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Volume 13 Number 17

View from the Field

Northern Corn Leaf Blight:

There are a lot of reports of northern corn leaf blight infections across the state this week. This is a disease we have seen over that last several years in NY. In some cases it has caused yield losses. There are currently no specific thresholds for northern corn leaf blight on field corn. It is recommended that you scout fields for the disease from V14 to the R1 stage. If you have an infection that is at or above the ear leaf you might get an economic return from a fungicide application. The importance is to protect to ear leaf and above during the reproductive stages to prevent yield losses if there is an infection present. It is unclear if there is an economic return to spraying after the R1 stage. Make sure to watch the weather to see if the conditions will be conducive for the disease to develop and spread up the plant. Warm and moist weather favors northern corn leaf blight, while rain and/or wind can carry the spores. REMEMBER, if there is no disease there is NO reason to spray a fungicide. Northern corn leaf blight shows up as a gray-green or tan cigar-shaped lesion 1 to 6 inches long. Source: Northern Corn Leaf Blight

northern corn leaf blight

northern corn leaf blight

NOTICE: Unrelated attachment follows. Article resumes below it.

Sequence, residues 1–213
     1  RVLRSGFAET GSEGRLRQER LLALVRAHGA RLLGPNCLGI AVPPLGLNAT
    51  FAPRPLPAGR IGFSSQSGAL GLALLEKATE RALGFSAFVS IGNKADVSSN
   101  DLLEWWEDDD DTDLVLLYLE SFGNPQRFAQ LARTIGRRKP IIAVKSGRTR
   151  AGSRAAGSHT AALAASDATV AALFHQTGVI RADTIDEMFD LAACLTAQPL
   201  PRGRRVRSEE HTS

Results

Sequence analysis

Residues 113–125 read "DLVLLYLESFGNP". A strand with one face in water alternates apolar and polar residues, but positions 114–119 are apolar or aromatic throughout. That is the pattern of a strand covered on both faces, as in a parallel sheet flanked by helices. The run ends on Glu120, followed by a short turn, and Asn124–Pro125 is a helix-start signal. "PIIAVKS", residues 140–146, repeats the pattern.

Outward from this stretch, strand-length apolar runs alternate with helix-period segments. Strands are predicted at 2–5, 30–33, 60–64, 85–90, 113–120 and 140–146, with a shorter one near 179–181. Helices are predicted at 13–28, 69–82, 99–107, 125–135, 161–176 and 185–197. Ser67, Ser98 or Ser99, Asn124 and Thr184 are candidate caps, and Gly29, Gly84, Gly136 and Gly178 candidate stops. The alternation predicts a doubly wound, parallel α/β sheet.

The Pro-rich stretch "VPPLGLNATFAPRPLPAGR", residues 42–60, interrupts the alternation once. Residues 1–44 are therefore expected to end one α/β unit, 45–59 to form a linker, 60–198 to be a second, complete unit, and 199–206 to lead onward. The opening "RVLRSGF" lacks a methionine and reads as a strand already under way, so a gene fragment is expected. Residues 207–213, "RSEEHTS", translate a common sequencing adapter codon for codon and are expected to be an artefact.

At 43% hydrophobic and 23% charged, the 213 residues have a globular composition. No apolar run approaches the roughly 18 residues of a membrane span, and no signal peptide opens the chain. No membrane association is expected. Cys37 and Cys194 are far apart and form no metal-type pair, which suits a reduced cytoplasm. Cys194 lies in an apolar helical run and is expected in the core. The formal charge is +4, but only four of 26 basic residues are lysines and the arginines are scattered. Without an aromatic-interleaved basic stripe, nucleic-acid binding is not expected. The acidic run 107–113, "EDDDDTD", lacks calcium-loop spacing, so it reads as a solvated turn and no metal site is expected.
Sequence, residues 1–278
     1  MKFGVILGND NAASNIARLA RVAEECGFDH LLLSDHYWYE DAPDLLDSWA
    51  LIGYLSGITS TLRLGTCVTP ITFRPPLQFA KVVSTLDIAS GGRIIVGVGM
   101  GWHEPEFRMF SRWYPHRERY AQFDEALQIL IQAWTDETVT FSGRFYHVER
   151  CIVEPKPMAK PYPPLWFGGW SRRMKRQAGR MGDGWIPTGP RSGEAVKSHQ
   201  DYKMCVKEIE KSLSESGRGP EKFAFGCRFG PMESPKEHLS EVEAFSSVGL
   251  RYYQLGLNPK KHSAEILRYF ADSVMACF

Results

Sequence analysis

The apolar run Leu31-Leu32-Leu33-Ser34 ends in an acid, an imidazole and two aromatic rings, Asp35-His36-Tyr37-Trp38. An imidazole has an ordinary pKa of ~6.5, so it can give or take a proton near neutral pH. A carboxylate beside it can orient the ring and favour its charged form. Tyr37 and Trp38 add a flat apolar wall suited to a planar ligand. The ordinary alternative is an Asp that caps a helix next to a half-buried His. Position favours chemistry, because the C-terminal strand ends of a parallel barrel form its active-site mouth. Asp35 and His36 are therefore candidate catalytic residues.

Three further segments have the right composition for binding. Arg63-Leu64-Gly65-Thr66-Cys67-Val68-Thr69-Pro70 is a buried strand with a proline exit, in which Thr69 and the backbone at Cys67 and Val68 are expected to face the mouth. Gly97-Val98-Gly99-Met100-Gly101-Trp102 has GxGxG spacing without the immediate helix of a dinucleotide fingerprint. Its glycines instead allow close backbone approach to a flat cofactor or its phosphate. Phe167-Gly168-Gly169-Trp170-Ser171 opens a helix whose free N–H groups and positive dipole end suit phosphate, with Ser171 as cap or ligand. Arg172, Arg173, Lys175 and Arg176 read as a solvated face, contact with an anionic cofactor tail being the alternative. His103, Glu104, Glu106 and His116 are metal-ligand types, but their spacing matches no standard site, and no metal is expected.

Northern Corn Leaf Spot

Kevin Ganoe (CCE Central NY Dairy and Field Crops Team) is the first to report finding northern corn leaf spot in field corn this season.  The symptoms are linear narrow lesion about a 1/8 to ¼ inch wide. They range from a ½ to ¾ inches long. They are grayish-tan and have a pigmented border. The lesions exist between the veins and are linear in appearance. The fungus is Bipolaris zeicola (Helminthosporium carbonum) and has five different races that can infect the plant. The fungus overwinters on corn crop residue from previous years.

 

Northern Corn Leaf Spot

Northern Corn Leaf Spot

Management of Northern Corn Leaf Spot.

  1. Plant corn hybrids that are resistant to Northern Corn Leaf Spot
  2. Use a shorter rotation of 1 to 2 years for corn
  3. Plow under residue to reduce fungi in the field.
  4. Fungicides are effective at controlling the disease but is rarely economical

White Mold on Soybeans

The second week in a row we have reports of white mold in soybeans. White mold is the most serious disease of soybeans in NY. Control is difficult and you can have yield losses with this disease. For more information on white mold in soybeans please refer to last week’s article: White Mold on Soybeans

Soybean Aphid

Justin O’Dea (CCE Ulster County) reports increasing levels of soybean aphid in soybeans. In two fields it ranged from 50 aphids per plant to 225 aphids per plant. The plants were in the last R5 stage of development. Once soybeans reach the R6 spraying for soybean aphids is not economical.

Western Bean Cutworm

Keith Waldron reports that  western bean cutworm larvae have been found in corn in western NY.  Eric Nixon crop consultant (WNYCMA) is seeing 1 larvae/husk and as many as 5. Corn fields should be checked for presence of western bean cutworm larvae. Particularly those fields with high numbers of western bean cutworm larvae moths collected.   For more information see article below.

Weather Outlook – August 28, 2014

NOAA Northeast Regional Climate Center, Cornell University

Jessica Spaccio (Rennells)